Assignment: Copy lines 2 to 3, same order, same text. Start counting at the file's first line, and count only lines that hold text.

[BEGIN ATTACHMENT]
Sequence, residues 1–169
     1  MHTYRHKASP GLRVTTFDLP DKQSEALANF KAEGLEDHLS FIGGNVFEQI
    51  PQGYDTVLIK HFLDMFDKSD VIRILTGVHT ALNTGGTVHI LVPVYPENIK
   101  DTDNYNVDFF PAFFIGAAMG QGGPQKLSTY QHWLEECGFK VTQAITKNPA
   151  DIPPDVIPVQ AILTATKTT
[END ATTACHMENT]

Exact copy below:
     1  MHTYRHKASP GLRVTTFDLP DKQSEALANF KAEGLEDHLS FIGGNVFEQI
    51  PQGYDTVLIK HFLDMFDKSD VIRILTGVHT ALNTGGTVHI LVPVYPENIK